and it also makes it look more like something Thomas Edison would make I like it
Thanks :) You have a good eye. Edison's original carbon filament bulbs were a lot more orange than the tungsten we use today, and that was exactly the effect I was trying to achieve for the photo.
I think clear bulbs might have also been a good choice as well, would give it an &quot;older&quot; look...well, to me anyways...lol.
Personally, since I don't have many power tools at my disposal (aside from drills, electric impact gun, angle grinder, and soldering gun) I would have cut with a hacksaw or snips, and rounded the edges either with a file, or the snips again...(whether I use the snips or not really depends on the thickness)
Dang. That's beautiful!
INSPIRING. Nice joints i havta dust off my delta "thumb remover" and make one of these. i might put a bottom on it rout a couple key holes in it and mount it over my workbench. when not in use for electronics projects it would add some light to my work area.
Thanks :) Which type of saw do you count as the "thumb remover"? I used a scroll saw to make mine. I use mine strictly for electronics projects, but it's gotten a fair bit of use since I built it. I did actually make a bottom for it, as I mentioned in step 7, but it wouldn't work for holding it upside-down.
some time ago i built a jig for my table saw for cutting that type of joint. i've never lost a thumb to it but i always figured that would be the best tool for the job.
As a general rule, I avoid table saws. Although I do own a router table, go figure.
What kind of voltages do you run theses on?
That depends on the particular test that I'm conducting. I've used it on 5V, 12V, 60V, and 120V, some DC, some AC so far. For some tests, the voltage changes during operation.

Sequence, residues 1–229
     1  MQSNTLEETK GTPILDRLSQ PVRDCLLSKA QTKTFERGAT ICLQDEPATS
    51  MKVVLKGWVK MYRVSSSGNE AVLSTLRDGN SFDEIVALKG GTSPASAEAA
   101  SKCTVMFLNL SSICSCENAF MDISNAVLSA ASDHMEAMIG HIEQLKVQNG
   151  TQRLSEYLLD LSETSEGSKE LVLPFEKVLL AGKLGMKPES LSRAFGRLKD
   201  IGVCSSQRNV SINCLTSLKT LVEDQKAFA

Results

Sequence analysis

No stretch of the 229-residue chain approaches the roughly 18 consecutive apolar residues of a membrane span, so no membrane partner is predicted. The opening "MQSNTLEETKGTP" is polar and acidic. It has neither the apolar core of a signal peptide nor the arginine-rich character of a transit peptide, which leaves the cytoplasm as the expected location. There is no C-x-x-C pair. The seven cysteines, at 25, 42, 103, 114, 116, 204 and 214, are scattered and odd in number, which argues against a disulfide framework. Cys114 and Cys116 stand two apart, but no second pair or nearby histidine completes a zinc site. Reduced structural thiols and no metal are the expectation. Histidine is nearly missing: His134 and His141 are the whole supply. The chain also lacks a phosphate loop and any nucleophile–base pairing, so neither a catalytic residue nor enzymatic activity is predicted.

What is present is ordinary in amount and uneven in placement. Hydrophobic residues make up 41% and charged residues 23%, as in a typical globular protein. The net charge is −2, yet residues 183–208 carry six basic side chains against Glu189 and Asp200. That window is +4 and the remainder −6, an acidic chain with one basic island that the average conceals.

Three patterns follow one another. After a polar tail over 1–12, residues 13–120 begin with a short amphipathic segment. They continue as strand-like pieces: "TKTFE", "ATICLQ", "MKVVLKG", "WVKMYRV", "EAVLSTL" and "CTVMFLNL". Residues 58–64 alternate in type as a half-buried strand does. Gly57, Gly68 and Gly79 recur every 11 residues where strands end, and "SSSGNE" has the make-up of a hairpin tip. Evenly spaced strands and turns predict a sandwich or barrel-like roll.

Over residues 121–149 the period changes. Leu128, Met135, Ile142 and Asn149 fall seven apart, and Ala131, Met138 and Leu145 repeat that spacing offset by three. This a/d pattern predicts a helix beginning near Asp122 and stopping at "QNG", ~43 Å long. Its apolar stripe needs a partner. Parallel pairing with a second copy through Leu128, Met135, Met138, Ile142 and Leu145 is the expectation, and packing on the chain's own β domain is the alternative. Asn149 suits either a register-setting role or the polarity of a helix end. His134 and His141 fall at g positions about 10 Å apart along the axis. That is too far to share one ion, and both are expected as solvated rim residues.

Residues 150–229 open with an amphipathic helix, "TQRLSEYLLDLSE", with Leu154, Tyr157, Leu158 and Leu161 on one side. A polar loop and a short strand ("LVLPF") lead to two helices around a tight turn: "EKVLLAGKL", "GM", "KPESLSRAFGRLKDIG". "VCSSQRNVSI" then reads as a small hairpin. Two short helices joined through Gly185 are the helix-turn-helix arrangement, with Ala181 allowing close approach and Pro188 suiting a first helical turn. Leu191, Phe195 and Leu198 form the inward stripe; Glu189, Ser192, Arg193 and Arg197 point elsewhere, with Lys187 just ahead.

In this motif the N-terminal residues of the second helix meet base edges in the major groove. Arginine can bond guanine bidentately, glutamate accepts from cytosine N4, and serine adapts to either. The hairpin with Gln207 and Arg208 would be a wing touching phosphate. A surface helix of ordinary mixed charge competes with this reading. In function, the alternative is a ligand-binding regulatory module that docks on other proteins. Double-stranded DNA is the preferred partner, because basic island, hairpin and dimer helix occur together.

Nice and Clean. This could really come in useful for some people though (not me, im not an electronics guy)<br/>I hope no one starts ranting about how incandescents are bad for the environment...<br/>Not many people on instructables who yell &quot;1st comment!&quot; =D<br/>
I would think we'd all want incandescent bulbs, seeing as those long tubey ones*im drawing a blank here* have mercury in them. I just cant get my mind off it. The miracle tubey thingy filled with mercury that we're throwing away... I think i ate too much mashed potatoes...(IDK if you'll get this)<br/>
Yes, they are full of mercury vapor (which is a rather tiny drop of liquid), and yes, it's a problem. That's why so many fluorescent recycling bins have started popping up in some stores. With that said, the estimates of the environmentalists say that, in an area where most electricity is generated by coal, the amount of mercury released by the coal burned for the extra power used by incandescent lamps exceeds the mercury used in fluorescents. I'm not sure if I buy that, but their numbers are convincing.
:D I just throw the fluorescents away in my garbage, :D But luckily i have only burned out 4 since i started using them, which is weird because it says they should last for 5 years(probably some small print somewhere to mess with that number) and they burned out in 2 months, rip off
If they burn out that quickly, you might want to check your electrical wiring. Compact fluorescent bulbs don't wear out as quickly as incandescents but they are far more susceptible to line noise, which can damage or destroy the sensitive ballast electronics.
My home lighting is all fluorescent. CF bulbs are full of electronics, though, and make rather bad loads (very nonlinear), especially since they are so efficient (which is bad, when burning power is what you want to do).
don't know much about electronics, but i think i get the concept and can appreciate that the completed device is a beautiful marriage function and finish. very nice work!
Thank you.
works and cheaper than a variac
Referring to the old TV repair trick of putting one in series with the device under test? I actually have a couple variacs already, but while they do a good job of changing the voltage, they aren't so good for changing line impedance or for burning power.

About This Instructable




Bio: Geek of all trades. I love building stuff. Electronics is my passion. Software is my trade. I dabble in several forms of art.